Reasonable Limits on Rental Application Fees

Press Release (April 21, 2017)

The House gave initial approval this morning to a bill by Reps. Chris Kennedy and Dominique Jackson that would protect renters from unnecessarily high rental application fees.

“Some landlords are using rental application fees as a source of profit, rather than to simply find good tenants,” said Rep. Kennedy. “By limiting these fees to actual costs and ensuring tenants aren’t charged when they aren’t even screened, we’re giving more people a chance to find rental housing without going broke.”

“This is a commonsense move to ensure that landlords only charge the actual cost of screening applicants and that they give a receipt to potential tenants,” said Rep. Jackson, D-Aurora. “It’s expensive to move and Coloradans shouldn’t have to pay inflated and unnecessary fees.”

HB17-1310 puts practical limits on the application fees that renters face as they search for their next rental home. The bill keeps application fees to the price of what is necessary to screen residents—such as credit reports, reference checks or tenant screening reports—and ensures the fee is refunded if the applicant is never screened.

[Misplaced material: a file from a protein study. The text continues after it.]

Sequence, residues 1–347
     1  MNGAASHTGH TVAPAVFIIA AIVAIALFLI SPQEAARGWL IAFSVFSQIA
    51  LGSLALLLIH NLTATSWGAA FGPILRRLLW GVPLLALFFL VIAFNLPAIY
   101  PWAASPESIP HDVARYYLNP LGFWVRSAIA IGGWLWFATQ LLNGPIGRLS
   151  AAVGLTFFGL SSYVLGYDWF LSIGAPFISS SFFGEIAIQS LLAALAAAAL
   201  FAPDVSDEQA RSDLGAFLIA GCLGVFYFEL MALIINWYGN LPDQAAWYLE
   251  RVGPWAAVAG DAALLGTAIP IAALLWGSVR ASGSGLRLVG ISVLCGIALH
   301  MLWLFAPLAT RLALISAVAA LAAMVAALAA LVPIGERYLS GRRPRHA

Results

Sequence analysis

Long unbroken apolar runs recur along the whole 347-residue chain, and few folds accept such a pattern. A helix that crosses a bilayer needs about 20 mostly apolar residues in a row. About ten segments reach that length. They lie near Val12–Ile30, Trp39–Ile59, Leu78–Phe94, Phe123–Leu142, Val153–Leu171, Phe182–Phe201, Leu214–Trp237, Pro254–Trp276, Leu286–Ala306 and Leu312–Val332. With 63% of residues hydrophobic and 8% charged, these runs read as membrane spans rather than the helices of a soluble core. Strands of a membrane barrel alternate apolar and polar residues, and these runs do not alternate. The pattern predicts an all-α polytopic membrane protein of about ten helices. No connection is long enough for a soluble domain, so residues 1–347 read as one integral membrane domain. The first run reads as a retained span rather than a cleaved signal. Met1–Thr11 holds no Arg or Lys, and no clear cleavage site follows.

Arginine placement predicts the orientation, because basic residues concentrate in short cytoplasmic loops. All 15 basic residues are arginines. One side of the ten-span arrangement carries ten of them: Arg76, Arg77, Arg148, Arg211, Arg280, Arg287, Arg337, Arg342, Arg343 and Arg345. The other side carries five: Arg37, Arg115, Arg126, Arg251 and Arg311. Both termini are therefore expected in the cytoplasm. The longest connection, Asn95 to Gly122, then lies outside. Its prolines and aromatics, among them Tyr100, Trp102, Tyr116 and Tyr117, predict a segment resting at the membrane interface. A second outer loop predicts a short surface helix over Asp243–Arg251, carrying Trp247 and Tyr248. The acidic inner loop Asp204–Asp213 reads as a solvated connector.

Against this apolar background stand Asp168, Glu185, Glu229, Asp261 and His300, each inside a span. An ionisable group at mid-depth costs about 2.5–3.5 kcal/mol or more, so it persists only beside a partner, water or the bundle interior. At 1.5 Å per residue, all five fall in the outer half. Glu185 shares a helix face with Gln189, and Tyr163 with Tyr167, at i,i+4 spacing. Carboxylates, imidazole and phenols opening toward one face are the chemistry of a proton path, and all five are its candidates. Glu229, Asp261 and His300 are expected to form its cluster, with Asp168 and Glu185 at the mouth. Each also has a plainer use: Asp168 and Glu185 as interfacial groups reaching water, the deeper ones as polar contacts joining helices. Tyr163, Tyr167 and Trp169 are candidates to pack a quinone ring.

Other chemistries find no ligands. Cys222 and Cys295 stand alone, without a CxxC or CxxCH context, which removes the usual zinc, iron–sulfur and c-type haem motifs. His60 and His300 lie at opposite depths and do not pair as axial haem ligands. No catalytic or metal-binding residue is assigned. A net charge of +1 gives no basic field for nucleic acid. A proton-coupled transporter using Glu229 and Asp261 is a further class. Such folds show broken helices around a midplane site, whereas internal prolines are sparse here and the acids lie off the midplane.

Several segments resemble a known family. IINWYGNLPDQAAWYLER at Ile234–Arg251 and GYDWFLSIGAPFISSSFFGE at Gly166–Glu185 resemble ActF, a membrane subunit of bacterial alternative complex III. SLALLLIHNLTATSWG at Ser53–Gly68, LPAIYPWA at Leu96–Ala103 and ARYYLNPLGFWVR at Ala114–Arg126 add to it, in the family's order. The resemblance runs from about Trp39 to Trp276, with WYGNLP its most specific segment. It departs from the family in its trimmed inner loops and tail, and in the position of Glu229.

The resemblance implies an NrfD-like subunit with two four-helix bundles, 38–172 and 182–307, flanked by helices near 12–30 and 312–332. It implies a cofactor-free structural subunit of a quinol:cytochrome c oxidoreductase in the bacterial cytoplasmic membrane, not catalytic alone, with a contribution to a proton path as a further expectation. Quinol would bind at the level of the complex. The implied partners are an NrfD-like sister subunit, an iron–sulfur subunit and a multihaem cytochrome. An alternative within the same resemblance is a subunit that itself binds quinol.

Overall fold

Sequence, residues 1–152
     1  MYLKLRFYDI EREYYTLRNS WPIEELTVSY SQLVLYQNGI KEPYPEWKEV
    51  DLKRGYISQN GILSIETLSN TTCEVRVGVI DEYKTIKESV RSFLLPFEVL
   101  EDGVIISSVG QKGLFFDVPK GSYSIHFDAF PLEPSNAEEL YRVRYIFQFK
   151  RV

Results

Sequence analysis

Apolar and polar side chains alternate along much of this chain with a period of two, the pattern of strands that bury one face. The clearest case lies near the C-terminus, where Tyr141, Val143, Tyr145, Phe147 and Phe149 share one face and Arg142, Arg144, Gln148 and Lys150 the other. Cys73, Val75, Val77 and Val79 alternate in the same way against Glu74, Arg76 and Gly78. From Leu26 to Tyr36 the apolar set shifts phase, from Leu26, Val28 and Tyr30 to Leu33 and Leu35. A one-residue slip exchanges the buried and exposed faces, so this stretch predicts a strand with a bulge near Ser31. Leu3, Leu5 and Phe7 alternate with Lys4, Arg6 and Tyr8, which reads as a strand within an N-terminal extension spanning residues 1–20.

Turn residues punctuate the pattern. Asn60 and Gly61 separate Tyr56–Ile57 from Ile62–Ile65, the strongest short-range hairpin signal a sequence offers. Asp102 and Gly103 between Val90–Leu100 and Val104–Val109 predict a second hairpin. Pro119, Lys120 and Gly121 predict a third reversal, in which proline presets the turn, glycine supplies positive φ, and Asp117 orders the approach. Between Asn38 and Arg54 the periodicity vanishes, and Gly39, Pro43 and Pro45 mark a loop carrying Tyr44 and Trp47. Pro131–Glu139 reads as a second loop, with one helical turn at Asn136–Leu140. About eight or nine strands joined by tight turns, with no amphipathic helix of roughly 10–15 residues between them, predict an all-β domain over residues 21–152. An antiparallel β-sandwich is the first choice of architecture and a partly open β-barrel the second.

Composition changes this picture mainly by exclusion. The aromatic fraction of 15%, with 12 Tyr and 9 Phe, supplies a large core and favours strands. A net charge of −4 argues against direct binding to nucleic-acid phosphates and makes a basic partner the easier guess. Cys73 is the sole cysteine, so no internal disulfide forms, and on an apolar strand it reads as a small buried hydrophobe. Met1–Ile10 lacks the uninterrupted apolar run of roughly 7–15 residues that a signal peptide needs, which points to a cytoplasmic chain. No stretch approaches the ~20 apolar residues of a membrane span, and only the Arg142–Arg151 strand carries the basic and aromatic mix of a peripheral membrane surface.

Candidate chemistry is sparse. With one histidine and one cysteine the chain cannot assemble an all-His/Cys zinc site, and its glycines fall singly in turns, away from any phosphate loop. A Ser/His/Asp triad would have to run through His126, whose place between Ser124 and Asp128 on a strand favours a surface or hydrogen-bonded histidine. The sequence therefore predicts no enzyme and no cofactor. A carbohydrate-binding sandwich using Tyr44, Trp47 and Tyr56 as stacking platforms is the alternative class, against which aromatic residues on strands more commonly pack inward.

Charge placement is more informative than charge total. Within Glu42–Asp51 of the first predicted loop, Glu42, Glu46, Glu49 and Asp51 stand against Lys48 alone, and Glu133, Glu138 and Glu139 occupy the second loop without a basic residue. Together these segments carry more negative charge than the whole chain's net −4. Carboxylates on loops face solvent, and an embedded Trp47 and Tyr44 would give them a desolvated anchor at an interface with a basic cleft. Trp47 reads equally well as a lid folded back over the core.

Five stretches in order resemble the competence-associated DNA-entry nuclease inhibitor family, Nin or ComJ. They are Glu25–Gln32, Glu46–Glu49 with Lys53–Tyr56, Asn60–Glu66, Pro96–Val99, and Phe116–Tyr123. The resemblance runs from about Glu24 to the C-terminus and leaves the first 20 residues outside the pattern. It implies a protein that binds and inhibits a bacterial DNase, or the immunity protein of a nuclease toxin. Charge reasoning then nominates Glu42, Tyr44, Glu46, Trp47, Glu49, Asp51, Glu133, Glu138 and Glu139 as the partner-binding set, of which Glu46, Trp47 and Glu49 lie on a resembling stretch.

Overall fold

The bill is part of a five bill package to help Coloradans access and retain affordable homes for purchase and rent. It now continues to a third reading recorded vote.

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Press Conference on Campaign Finance Reform Package

Today I was joined by Rep. Mike Weissman, Rep. Jeff Bridges, and Speaker Crisanta Duran to discuss four bills that will increase transparency and accountability in our elections. Press release after the video.

Campaign Finance Reform Press Conference

Campaign Finance Reform Press Conference this afternoon! Honored to work with Speaker Duran and Reps Weissman and Bridges to make some much-needed changes to the way our campaigns are funded.

Posted by Representative Chris Kennedy on Wednesday, March 15, 2017


2017 House Democratic Campaign Finance Reform Legislation